THE EAST COAST Main Line and the Thameslink route are both in line to run new trains after separate deals were agreed yesterday.
The Department for Transport and Hitachi’s European transportation division have agreed a £1.2bn contract to build 30 nine-carriage electric trains for the East Coast route.
In a separate deal, train company Southern picked Bombardier to supply 116 new electric rolling stock vehicles for £180m.
Transport minister Patrick McLoughlin said the Hitachi order is part of the government’s £5.8bn Intercity Express Programme to improve the country’s rail network.
“By signing this deal we have provided further proof of our determination to transform Britain’s railways into a world-class operation through continued investment and state-of-the-art technology,” McLoughlin said.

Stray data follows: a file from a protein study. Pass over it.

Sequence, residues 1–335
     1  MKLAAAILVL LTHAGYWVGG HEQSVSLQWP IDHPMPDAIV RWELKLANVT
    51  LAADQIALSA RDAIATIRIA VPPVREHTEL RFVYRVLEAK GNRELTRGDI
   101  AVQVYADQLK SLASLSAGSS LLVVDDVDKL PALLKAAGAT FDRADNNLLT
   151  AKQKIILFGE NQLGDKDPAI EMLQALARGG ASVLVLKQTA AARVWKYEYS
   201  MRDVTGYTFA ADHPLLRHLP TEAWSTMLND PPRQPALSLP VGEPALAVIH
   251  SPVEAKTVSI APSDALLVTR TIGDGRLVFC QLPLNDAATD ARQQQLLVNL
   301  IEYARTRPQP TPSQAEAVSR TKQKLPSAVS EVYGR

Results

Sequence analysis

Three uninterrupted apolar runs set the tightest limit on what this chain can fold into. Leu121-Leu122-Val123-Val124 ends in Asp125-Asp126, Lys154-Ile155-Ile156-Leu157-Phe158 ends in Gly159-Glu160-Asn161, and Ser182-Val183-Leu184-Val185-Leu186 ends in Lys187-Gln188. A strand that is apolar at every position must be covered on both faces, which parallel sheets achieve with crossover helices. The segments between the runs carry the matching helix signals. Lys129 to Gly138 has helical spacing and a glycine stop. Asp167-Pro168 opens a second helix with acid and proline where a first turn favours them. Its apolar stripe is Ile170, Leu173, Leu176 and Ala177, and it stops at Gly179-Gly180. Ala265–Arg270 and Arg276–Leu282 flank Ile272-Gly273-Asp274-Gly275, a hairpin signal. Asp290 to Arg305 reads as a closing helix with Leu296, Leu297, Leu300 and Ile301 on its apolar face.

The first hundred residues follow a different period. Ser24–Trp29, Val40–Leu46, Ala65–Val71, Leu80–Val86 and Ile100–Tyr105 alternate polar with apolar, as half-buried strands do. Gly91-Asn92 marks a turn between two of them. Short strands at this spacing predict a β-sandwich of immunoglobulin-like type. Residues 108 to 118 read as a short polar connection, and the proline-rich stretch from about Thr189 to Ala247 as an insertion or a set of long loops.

The class 800 series Hitachi Rail Europe carriages will come into use in 2019, and will be partly manufactured in the new factory in County Durham.
The London-based subsidiary of the Japanese firm will also build four new maintenance depots.
Travelling at faster speeds, the new trains will save passengers between two and 18 minutes in commuting time. The trains can travel at up to 140mph, though this will require signalling and infrastructure upgrades.
Southern’s contract with Bombardier will see new carriages delivered in 2015, for use on the Thameslink route until Siemens delivers its new trains. Bombardier lost out to Siemens for the £1.4bn rolling stock contract in 2011.